One belt, one road initiative creates fresh opportunities for Asians investing in Africa
Confidence in the continent is high, with investment focused heavily on transport infrastructure and energy
Two decades of steady growth in Sino-African trade had made China the African continent’s largest trading partner by 2009. By 2013, China had become Africa’s biggest export and development partner, especially in Sub-Saharan Africa, according to a World Bank study.
The economic opportunities created by China’s belt and road dealings with Africa are many, and include such diverse areas as infrastructure development, currency investment, and the transfer of labour-intensive businesses to Africa.
At the same time, the post-Brexit climate has inclined Africa to pivot eastwards for skills and investment, says Sunil Kaushal, Standard Chartered’s regional CEO for Africa and Middle East. Furthermore, Asian investors have come to regard Africa as a continent of opportunities.
“More Asian economies are now showing interest in ramping up their African investments, attracted by rising urbanisation and consumerism across the continent,” Kaushal says, with a caveat that there remains “red tape and poor infrastructure”.
Undeterred by this, however, Chinese investors signed a deal earlier this year to build Sudan’s first nuclear power plant. Media reports stated that the facilities will be built by China National Nuclear Corp (CNNC), and that the deal is the first step in the belt and road initiative to expanding and exporting technology abroad. Sudan is China’s largest oil exporter and benefits from infrastructure funding from China, according to reports.
Another major focus in Sudan – and elsewhere in Africa – is on transport infrastructure. At a one belt, one road event hosted by the Hong Kong University of Science and Technology’s Institute of Emerging Markets Studies in October, locally-based Alicia Garcia Herrero, Asia-Pacific chief economist at NATIXIS, suggested that Chinese investment in Africa will heavily focus on rail development over in the next five years.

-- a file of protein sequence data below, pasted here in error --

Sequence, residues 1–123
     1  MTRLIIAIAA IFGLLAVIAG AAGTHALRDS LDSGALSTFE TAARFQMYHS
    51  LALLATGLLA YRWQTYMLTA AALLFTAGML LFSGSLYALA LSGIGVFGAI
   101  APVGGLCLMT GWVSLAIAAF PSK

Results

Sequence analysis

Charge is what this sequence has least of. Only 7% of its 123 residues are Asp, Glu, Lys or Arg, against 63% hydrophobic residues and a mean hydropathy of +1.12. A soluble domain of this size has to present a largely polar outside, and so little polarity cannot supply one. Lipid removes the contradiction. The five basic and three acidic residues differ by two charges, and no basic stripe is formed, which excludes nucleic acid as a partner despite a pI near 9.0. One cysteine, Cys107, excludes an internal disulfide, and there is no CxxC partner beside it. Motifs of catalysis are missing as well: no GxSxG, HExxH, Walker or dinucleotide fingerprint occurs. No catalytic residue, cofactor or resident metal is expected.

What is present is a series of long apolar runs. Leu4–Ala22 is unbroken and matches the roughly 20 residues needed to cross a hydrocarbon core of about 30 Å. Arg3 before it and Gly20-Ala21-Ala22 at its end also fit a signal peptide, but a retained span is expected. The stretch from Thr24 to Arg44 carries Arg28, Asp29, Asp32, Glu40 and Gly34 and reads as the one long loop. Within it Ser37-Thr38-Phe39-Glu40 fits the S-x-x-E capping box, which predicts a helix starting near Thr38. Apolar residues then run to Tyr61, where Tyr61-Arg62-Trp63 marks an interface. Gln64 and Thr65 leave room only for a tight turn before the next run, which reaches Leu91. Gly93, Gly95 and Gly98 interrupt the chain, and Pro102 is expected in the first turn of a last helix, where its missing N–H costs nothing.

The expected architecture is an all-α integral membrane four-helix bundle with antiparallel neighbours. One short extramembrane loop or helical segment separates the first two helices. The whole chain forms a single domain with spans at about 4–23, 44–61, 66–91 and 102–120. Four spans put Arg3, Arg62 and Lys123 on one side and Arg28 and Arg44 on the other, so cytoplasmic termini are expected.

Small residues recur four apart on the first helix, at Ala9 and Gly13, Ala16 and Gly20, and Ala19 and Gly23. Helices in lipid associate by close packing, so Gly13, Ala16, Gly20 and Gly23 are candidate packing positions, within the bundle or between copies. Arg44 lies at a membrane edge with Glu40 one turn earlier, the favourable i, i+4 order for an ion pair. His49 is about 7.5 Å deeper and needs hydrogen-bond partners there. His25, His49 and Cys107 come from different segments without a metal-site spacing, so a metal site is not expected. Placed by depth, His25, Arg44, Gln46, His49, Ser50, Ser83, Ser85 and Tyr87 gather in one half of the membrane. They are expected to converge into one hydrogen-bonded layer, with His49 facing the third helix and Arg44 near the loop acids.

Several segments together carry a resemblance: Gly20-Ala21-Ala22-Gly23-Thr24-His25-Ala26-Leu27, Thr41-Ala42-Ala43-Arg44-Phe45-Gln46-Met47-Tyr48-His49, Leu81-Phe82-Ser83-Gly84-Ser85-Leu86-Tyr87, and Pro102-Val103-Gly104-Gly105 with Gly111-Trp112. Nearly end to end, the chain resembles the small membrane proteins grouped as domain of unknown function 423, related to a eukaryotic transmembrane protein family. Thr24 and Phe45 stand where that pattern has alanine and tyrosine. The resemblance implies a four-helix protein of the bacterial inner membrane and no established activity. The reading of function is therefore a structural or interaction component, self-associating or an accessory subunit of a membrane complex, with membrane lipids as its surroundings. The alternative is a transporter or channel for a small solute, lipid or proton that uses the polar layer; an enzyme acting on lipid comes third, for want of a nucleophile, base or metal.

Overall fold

Besides Sudan, other African countries that stand to benefit from this cross-regional plan are Nigeria and Egypt, which are key locations on the “belt and road”.
The recent internalisation of the renminbi is also expected to have a positive impact on African markets, giving “emerging markets an important alternative when it comes to currency investment and hedging”, Kaushal says. “In Africa, the regional constraints associated with currency fluctuations and frequent shortages of US dollar liquidity could ease a little now, which could benefit many economies.”
But with infrastructure development comes cultural challenges, according to Central Asian scholars and Hong Kong academics, who point out that host countries often lack local workers with the specialist skills required.
The Council on Foreign Relations has said that over 1 million Chinese citizens have moved to Africa as a result of this shortage.